The Prestige’s neat action is colour case hardened (though, this may have been achieved chemically rather than by the traditional bone meal method) and looks most attractive with its tasteful game scene engraving. The wood has a nice figure, too. Bluing is deep and lustrous. Wood-to-metal fit is excellent. The gun looks quite dainty, but businesslike. It is primarily intended as a game gun but would also suit anyone with the need for a lighter than average gun. It would, for example, be ideal for ladies (provided the comb was raised or built up a bit).
The gun has the style and character of an Italian over-and-under with a few refinements that make it stand out from the Euro pack. I have watched this style of gun gradually improve over the years. CNC means the mechanics and fit of parts are better than they were previously. Lasers have improved decoration and chequering. But the things that really make this gun, and similar ones (which tend to be more expensive), are the 30” barrels and the functionally efficient stock shapes.
The barrels of the Prestige are built on the monobloc system, as with most modern over-and-unders (and there is nothing wrong with that). Both the internal and external finish of the barrels is good. The forcing cones are fairly short and the chambers and bores are chromed. The barrels have multi-chokes, solid joining ribs and a neat, narrow (6mm) sighting rib. The latter, as mentioned, is ventilated on the test gun and is equipped with a traditional brass bead (just what you want on a game gun because it’s tough).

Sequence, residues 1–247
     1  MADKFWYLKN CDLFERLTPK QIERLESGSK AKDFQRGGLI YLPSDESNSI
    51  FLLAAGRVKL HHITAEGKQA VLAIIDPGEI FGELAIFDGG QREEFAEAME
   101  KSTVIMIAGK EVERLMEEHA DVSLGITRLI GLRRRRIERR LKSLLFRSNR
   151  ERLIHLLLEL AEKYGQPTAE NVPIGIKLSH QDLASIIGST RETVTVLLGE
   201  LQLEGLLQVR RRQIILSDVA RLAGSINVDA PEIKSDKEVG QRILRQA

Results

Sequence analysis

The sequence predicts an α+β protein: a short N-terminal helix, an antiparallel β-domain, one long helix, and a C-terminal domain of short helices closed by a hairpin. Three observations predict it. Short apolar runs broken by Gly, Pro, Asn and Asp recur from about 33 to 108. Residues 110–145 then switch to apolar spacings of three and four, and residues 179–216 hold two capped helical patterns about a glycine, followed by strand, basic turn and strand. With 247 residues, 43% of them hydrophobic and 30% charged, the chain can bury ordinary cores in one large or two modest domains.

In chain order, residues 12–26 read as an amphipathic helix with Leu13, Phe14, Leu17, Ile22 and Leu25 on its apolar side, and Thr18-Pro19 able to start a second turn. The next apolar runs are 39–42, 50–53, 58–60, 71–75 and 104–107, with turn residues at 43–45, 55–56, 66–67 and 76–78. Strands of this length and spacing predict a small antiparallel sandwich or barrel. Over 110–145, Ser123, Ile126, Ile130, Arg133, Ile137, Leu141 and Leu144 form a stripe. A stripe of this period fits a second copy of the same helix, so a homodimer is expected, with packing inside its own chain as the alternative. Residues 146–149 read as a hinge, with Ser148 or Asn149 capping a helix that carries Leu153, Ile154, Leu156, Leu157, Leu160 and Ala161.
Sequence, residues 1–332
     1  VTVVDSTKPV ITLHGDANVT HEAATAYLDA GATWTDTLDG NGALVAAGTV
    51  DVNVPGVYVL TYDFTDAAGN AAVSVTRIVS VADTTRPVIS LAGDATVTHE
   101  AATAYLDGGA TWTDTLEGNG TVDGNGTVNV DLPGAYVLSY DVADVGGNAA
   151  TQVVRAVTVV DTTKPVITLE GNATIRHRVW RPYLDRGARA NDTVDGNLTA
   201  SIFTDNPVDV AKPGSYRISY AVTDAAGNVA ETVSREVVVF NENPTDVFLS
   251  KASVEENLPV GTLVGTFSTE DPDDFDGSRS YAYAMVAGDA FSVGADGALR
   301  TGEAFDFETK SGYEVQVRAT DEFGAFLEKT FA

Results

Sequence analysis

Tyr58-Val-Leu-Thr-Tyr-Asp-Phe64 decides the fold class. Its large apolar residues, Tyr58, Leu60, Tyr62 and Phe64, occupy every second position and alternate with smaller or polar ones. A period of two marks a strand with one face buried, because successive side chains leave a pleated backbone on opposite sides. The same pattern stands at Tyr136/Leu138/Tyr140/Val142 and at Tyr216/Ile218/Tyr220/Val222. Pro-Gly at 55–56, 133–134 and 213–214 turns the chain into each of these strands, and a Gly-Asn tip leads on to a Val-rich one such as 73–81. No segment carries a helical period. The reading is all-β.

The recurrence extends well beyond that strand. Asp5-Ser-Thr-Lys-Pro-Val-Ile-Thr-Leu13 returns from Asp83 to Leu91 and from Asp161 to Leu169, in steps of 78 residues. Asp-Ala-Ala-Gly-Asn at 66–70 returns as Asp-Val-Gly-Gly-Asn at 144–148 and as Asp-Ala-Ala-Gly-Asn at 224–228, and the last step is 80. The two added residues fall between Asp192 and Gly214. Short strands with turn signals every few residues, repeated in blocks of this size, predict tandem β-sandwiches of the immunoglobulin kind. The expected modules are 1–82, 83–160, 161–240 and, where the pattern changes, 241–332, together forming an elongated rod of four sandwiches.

The action of the test gun is of very familiar pattern, as discussed. It has split stud-type hinge pins. Coil springs are used to power the tumblers. The single trigger mechanism is of the inertia type, and a selector is placed on top of the conventional thumb-operated top strap safety (which is automatic). Trigger pulls on this gun were pretty good, again better than on some guns in this price category. I also liked the shape of the trigger, and the matt gold plating was inoffensive, though my preference is plain steel.
The action of the Prestige looks fine, though in my opinion, the combination of colour case hardening and medium scroll would look even better. I am not really a fan of game scenes and gold unless they are outstanding. That said, the Prestige scores fairly high in the aesthetics department and ticks all mechanical boxes.
The dedicated action has a hinging system much like a Beretta or Perazzi (with studs at knuckle, sitting in corresponding recesses in bifurcated lumps). The bolting system, however, involves a full-width bolt coming out of the bottom of the action face and engaging bites beneath the bottom chamber mouth.
The well-proportioned stock on the Prestige is made from walnut that shows reasonable figure. Apart from the excellent half-pistol grip, there is a nicely shaped, thin-ish comb well suited to a game gun. The length of pull is 14½” and the drop was ideal, with an industry standard 13/8” at the front of the comb and 21/8” to the rear. If the gun was bought by a woman, the stock might be bent up or a piece of wood could be added to the comb. (The distance from the underside of the cheekbone to the centre of the eye orbit is smaller on women and youngsters; they usually need a significantly higher comb to get the eye properly in line with the rib.)
The schnabel fore-end is a reasonable shape, though it might be improved in my opinion by dispensing with the lip and going for an ‘American’ rounded design. The release catch at the front (the front part of a projecting rod) was a bit thin for easy use. It could do with a cap to make it more functional, but that is really the only criticism I have. Generally, the gun scores highly at its price point.
Fit and finish are good, the design is fundamentally sound, and the specification (barrel length, stock configuration and dimensions) could not be easily improved upon. Both butt and fore-end are oil finished too, as most of us prefer.